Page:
33 Coupe Engine 1        5/18/03

I've been really having trouble deciding what engine to put in the car. What I mean is, I know I want a small block Chevy but I wanted something to set me apart from so many others out there. What I came up with was a stroked small block. What's does "stroked" mean?? It's when you put in a crank shaft that has a longer stroke than the original one has. In this case, the one I wanted would have a 4.00" stroke rather than a 3.5" like a 350 cubic inch has. Now I know this doesn't sound like much but add to this a larger diameter bore of 4.155" and we have a larger cubic inch motor. How big you ask, well after doing the math this will be a 434 cubic inch small block. With this size motor, it should set me apart from most and I should have plenty of torque as well. Let's go through some of the components that I will be using.
The block is the foundation for any engine and the one I will be using is not made by General Motors (GM), it's made by a company called Dart. Why didn't I use a GM block?? There are lots of reasons so let's go through the list. First a "good" GM block is hard to find and I wanted one that had four-bolt mains (four bolts on the three center main bearing caps). The Dart block takes it one step farther by adding the four-bolts to ALL five main caps. By having all these bolts it adds strength to the whole assembly which is a good thing. Also, this block has priority main oiling which means it oils the main bearings first compared to the GM block that oils the cam bearings first and then the mains. The Dart block also has thicker material in the critical places, like in the cylinder bores. Even though I am boring this out to 4.155", there is still over .250" of wall left. A GM block doesn't even come close to that. 



Here you can see the bottom of the block and all five of the main bearing caps with four bolts each. Another thing this block has it thicker oil pan rails so you can grind for rod clearance and won't have to worry about hitting water. I'll show a better picture of what I mean later. Now all this extra material is a good thing but there's always some bad to go with the good. The bad part is that it weighs more than a GM block but not by much. The difference is something like 20 lbs or so. Some of the extra weight has been added to the web under each main bearing area which is something that has been a problem with the GM blocks because they are prone to cracking there.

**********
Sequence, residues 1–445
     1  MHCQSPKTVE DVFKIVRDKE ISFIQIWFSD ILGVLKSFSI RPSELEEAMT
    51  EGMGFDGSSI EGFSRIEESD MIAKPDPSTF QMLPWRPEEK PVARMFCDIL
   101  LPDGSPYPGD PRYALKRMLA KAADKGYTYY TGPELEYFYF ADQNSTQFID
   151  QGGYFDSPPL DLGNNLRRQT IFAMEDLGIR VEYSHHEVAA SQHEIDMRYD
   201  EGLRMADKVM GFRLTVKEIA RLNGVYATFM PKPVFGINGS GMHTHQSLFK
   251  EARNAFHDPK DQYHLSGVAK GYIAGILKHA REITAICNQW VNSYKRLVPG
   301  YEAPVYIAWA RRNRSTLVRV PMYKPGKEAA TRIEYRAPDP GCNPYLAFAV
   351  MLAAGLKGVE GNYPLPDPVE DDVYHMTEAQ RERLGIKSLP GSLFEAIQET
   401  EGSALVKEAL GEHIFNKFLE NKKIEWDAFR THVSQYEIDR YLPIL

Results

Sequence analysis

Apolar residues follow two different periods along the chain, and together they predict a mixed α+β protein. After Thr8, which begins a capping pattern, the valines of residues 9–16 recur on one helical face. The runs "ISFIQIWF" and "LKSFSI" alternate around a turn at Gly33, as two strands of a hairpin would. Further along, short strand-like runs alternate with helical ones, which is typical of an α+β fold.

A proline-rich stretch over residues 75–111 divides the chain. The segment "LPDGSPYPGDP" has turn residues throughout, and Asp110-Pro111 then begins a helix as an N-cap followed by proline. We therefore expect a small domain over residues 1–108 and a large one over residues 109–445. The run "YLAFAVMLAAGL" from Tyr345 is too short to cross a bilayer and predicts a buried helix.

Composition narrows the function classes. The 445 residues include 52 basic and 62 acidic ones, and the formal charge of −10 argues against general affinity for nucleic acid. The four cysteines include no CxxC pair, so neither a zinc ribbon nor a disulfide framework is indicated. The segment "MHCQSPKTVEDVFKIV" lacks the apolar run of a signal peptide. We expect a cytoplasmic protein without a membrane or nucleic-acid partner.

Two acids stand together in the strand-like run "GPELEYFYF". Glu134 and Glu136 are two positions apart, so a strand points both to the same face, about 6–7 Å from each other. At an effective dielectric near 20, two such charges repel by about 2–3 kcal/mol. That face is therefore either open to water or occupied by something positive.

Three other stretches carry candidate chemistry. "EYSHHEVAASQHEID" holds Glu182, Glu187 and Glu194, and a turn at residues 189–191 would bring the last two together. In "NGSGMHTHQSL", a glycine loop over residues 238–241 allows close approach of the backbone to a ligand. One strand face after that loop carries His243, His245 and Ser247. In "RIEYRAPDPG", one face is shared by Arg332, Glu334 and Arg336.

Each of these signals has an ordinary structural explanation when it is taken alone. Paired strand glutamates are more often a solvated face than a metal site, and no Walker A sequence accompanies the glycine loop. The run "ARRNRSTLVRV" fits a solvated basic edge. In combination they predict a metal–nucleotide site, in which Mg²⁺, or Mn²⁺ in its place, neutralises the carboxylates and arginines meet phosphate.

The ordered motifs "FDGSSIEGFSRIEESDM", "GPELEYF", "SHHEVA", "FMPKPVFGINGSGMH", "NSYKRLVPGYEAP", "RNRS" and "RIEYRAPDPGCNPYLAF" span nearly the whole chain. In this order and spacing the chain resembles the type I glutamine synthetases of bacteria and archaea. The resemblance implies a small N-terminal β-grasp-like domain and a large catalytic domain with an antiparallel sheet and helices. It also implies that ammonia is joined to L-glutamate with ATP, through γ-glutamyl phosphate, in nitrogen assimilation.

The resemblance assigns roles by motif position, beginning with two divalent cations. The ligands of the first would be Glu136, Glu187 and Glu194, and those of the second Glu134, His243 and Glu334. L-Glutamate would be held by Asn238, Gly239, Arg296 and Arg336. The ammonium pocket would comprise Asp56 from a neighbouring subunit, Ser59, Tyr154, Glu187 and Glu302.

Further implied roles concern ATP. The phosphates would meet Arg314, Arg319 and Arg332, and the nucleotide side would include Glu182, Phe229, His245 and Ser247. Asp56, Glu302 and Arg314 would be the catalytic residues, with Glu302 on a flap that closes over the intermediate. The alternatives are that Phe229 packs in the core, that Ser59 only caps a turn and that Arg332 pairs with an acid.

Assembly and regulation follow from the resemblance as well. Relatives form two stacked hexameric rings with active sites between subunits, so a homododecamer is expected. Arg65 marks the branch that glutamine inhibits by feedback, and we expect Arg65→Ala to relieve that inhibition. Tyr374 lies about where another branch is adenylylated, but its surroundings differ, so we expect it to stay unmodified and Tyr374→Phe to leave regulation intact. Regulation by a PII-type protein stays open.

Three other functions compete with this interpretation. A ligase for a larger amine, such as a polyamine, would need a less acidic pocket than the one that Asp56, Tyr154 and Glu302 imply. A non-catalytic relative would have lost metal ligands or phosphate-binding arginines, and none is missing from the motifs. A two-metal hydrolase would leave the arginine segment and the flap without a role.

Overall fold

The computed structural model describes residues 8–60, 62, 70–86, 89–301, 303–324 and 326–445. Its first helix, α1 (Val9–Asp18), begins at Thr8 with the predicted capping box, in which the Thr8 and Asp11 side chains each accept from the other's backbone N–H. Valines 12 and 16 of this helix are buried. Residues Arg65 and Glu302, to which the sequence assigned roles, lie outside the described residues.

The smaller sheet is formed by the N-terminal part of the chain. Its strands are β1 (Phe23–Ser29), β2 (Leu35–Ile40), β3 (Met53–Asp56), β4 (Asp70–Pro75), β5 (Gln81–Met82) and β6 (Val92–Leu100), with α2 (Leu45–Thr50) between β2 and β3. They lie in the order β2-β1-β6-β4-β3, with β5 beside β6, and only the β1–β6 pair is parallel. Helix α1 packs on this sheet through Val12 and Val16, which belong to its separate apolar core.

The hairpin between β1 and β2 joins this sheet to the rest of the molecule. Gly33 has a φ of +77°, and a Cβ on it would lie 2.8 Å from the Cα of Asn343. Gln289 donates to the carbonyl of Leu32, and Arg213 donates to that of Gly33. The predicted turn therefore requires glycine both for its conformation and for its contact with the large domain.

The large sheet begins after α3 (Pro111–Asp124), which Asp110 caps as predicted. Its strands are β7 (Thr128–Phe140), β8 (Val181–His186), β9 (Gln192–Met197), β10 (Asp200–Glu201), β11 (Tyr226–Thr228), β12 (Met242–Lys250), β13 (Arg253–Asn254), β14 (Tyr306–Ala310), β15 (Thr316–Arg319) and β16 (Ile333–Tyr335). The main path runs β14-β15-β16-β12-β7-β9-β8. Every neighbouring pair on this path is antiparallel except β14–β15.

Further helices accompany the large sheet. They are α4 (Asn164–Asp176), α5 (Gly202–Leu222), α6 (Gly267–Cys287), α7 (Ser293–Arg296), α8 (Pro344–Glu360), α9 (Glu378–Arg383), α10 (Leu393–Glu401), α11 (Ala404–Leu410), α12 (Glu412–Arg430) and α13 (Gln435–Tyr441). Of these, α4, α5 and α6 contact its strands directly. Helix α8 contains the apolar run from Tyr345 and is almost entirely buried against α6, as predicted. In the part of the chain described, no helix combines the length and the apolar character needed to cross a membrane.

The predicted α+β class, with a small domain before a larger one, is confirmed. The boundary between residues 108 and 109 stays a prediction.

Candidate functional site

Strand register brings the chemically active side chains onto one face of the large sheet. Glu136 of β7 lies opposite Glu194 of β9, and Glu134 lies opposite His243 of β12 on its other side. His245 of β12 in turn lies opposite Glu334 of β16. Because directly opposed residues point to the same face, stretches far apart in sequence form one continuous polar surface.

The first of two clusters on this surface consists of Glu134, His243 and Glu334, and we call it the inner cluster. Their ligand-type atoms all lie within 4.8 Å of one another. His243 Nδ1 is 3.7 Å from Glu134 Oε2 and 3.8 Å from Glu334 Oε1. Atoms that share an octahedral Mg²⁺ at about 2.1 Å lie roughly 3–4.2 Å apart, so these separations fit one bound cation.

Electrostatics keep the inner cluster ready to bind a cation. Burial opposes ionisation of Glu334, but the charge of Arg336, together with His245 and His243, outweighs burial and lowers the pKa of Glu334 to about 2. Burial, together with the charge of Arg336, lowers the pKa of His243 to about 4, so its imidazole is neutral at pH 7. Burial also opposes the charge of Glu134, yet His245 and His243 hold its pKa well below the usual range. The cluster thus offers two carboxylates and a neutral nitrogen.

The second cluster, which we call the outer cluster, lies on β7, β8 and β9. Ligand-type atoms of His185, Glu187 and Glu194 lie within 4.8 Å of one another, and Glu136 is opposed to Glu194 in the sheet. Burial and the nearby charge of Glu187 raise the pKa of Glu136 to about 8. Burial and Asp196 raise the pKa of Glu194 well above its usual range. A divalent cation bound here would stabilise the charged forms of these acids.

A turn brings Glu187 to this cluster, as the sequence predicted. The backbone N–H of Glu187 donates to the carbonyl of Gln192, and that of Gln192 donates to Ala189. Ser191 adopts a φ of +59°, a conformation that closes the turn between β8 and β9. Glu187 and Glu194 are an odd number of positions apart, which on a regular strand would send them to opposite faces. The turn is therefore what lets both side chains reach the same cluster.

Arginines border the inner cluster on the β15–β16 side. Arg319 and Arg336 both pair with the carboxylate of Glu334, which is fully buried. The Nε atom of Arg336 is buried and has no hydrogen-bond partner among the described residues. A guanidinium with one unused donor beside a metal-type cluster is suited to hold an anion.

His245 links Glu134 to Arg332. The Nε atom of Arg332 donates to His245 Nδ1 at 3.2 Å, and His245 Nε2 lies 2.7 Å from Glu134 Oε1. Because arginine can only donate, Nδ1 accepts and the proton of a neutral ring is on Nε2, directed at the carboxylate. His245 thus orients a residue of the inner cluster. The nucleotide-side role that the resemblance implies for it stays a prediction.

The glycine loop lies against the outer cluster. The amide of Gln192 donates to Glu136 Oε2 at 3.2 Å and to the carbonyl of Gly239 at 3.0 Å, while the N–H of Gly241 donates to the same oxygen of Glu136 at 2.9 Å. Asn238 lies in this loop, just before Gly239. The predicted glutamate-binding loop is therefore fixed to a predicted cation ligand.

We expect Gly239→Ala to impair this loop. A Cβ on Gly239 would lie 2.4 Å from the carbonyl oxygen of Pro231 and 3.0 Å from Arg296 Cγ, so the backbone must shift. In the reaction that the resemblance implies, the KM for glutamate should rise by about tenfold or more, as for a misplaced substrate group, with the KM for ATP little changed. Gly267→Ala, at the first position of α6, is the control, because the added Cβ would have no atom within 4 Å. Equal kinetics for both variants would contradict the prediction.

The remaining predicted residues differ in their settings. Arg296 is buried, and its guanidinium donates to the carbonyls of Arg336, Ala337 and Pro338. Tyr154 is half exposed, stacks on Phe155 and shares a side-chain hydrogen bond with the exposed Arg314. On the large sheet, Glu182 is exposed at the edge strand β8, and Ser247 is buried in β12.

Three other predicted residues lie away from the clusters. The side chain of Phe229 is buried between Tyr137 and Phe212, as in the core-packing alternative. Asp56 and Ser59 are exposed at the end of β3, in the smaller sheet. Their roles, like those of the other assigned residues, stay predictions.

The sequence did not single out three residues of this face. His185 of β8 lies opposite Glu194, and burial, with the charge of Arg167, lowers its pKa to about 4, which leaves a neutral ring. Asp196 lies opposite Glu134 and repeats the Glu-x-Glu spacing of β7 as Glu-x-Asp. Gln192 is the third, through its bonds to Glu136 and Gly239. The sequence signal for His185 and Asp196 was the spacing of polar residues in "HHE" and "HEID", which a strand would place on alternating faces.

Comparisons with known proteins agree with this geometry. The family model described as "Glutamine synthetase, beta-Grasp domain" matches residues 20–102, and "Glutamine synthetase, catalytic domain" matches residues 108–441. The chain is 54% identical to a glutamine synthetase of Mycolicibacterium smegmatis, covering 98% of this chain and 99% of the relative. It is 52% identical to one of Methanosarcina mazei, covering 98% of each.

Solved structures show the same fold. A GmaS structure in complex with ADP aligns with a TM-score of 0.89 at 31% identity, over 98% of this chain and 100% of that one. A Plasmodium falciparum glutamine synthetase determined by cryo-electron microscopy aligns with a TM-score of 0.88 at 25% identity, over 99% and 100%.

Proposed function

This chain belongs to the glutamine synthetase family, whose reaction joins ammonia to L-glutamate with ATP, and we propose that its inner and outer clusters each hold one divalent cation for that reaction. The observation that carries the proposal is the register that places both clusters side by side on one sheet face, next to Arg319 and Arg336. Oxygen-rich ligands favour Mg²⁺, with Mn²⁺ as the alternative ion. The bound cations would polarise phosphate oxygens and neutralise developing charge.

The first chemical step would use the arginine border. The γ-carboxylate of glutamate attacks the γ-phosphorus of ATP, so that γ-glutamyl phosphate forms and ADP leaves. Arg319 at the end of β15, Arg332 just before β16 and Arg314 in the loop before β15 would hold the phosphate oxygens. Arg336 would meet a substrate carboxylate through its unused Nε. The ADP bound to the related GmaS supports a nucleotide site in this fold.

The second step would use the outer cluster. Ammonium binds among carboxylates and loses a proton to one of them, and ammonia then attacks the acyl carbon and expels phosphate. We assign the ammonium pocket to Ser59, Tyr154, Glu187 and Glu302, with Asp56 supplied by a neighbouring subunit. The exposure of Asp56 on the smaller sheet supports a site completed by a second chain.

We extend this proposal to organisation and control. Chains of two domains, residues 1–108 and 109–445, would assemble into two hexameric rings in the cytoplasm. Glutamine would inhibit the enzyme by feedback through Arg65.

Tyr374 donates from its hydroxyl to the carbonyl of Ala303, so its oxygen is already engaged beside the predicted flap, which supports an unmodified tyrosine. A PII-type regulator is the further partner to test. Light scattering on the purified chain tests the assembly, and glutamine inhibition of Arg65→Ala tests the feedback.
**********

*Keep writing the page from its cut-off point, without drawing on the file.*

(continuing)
This is a shot of how the bores came out after I got it back from the machine shop. Now these look great and Dart has instructions on how the block should be bored and honed. When you get within .003 of final size while honing, your suppose to change to a finer stone and bring it to size. Then change to a finer one again and stroke it three times again. One last change to an even finer stone and then stroke it three more times. After all this the cylinders should be good to go. One other thing Dart does is blind tap the threaded holes for the heads. GM's holes go into water so this is another plus. 



This shot is in the valley (middle when looking down on the top of the block) of the block where the oil drains back to the oil pan. GM blocks don't have these slots like this but have holes on each end (one in the front and one in the rear). Well I like this idea because the oil will have to drain back down right on the cam. Why is this a good thing? Anytime your idling and engine for long periods of time with a BIG cam, your asking for trouble because the cam relies on the splashing effect from the crankshaft to oil the lobs of the cam. If the RPM of the engine is higher then there's not to much to worry about. I just see this as some insurance to oil the cam at all times. Notice the casting flaws in the corners and all through the slots.



To get as much oil as I can I had to remove all the flaws so out came the Dremel for that job. This tool makes fast work when uses with a 1/8" carbide burr. 



Now this looks much better after the rough edges are all gone and I added a little chamfer around the slots too. This should drain a little better now.


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